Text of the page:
Child pedestrians: The role of parental beliefs and practices in promoting safe walking in urban neighborhoods

Andrea Carlson Gielen, Susan DeFrancesco, David Bishai, Patricia Mahoney, Shiu Ho, Bernard Guyer

Research output: Contribution to journalReview articlepeer-review

62 Scopus citations


The purpose of this study was to describe parents' child pedestrian safety practices, knowledge, risk perceptions, and beliefs. We surveyed 732 parents from four elementary schools in urban neighborhoods that differed in income, and child pedestrian injury risks. Findings indicated that most parents taught their children street safety. Few (16%) knew basic pedestrian safety facts; 46% believed children younger than 10 years could safely cross streets alone; 50% believed a child pedestrian crash was likely. Parents in lower income neighborhoods reported the highest rates of unpleasant walking environments and concerns about drug dealers, crime, violence, and trash. We conclude that education should focus on children's risk, developmental capabilities, and supervision needs. Promoting physical activity in urban neighborhoods, especially lower income ones, must address concerns about the physical and social environment.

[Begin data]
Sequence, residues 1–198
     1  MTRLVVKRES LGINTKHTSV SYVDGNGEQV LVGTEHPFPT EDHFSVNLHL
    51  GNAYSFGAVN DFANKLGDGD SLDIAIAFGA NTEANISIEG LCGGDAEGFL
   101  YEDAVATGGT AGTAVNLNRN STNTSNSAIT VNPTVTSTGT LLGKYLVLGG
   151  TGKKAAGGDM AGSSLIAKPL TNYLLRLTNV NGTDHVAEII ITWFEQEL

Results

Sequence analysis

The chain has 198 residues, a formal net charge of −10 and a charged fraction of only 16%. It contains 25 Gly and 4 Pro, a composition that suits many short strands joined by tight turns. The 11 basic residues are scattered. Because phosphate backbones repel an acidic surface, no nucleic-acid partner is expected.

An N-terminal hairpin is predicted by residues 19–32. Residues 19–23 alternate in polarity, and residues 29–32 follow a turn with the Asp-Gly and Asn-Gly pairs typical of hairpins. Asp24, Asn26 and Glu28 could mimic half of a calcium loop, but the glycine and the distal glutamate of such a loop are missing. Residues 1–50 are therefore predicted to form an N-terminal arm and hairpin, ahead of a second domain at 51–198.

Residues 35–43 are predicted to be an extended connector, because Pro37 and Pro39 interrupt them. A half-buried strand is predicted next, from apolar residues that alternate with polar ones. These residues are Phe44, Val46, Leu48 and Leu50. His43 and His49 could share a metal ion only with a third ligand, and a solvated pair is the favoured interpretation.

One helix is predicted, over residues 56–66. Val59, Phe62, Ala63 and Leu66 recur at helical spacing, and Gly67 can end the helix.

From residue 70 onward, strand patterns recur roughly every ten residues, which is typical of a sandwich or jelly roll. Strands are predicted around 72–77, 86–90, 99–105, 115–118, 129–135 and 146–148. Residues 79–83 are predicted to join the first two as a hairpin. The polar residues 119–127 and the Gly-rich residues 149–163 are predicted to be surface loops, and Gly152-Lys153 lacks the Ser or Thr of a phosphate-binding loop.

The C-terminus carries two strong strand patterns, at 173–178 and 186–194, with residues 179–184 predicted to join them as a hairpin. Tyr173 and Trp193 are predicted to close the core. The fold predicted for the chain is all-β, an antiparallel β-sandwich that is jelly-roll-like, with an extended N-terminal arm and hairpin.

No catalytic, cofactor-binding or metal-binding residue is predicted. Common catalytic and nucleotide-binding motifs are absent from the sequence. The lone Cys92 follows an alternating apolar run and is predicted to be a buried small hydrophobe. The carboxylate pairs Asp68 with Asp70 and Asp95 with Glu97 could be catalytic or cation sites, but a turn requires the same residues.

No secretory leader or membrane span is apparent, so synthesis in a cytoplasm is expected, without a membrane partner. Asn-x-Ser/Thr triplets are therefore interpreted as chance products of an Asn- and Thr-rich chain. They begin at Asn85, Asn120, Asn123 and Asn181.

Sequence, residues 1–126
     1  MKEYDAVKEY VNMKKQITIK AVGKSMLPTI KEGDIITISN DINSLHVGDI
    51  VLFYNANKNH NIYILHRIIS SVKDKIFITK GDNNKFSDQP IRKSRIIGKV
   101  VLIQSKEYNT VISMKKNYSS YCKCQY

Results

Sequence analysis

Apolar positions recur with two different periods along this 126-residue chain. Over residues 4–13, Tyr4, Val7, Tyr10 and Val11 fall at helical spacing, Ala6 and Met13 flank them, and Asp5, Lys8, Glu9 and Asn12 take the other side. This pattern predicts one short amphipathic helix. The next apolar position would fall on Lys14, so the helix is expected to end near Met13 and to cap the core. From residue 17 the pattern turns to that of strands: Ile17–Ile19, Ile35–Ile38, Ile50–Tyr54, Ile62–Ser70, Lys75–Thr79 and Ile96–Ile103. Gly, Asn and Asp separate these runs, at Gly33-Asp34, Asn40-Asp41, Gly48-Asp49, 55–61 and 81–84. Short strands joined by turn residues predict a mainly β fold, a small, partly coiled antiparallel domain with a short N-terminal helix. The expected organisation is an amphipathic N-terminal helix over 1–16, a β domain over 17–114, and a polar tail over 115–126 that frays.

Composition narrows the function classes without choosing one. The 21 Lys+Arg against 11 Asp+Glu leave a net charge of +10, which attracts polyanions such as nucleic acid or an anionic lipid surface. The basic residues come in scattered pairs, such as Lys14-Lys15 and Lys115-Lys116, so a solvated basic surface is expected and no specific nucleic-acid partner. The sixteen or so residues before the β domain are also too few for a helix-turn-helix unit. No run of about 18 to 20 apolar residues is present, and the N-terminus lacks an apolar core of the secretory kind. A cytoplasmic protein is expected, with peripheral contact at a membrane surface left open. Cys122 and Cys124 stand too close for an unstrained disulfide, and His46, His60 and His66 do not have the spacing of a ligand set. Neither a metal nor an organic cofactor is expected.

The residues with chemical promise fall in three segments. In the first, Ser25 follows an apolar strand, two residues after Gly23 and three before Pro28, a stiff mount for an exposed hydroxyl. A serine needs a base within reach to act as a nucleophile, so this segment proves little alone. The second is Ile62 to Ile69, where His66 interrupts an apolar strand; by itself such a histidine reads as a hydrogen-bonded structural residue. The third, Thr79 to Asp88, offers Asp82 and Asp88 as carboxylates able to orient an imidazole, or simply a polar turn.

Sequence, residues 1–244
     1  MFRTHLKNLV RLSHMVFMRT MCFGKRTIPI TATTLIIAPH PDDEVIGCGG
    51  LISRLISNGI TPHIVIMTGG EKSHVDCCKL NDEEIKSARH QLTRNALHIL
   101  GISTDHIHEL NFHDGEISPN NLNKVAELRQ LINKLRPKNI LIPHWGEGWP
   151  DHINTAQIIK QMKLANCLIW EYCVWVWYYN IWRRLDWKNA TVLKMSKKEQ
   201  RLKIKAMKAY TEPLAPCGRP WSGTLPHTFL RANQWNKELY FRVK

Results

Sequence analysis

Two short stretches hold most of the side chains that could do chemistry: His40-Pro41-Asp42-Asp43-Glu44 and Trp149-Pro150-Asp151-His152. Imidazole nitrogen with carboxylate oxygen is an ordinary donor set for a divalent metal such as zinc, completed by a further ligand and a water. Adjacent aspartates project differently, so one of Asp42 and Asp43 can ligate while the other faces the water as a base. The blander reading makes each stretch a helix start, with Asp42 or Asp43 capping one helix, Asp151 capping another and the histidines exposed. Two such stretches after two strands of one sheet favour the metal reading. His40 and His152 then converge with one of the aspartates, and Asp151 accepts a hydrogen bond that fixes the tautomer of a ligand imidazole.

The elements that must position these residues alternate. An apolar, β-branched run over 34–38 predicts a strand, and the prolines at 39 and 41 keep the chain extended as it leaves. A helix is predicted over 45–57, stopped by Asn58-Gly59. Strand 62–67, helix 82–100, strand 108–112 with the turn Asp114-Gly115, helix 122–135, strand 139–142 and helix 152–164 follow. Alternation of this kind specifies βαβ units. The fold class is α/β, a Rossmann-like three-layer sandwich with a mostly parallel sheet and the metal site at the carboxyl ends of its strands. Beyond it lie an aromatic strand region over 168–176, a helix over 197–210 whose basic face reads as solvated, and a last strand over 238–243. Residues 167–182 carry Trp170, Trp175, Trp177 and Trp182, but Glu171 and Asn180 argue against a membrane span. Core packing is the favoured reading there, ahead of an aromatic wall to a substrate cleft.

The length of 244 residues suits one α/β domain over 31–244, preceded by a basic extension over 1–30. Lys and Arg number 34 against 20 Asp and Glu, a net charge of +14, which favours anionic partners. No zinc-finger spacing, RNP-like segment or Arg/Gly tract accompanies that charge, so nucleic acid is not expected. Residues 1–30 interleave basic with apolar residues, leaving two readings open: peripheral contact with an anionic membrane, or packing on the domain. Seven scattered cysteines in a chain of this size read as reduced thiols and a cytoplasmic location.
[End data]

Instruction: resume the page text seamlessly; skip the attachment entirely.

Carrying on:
Original languageEnglish (US)
Pages (from-to)545-555
Number of pages11
JournalJournal of Urban Health
Issue number4
StatePublished - Dec 2004


  • Child pedestrian safety
  • Injury prevention
  • Neighborhood walkability
  • Safety practices
  • Supervision

ASJC Scopus subject areas

  • Health(social science)
  • Urban Studies
  • Public Health, Environmental and Occupational Health


Dive into the research topics of 'Child pedestrians: The role of parental beliefs and practices in promoting safe walking in urban neighborhoods'. Together they form a unique fingerprint.

Cite this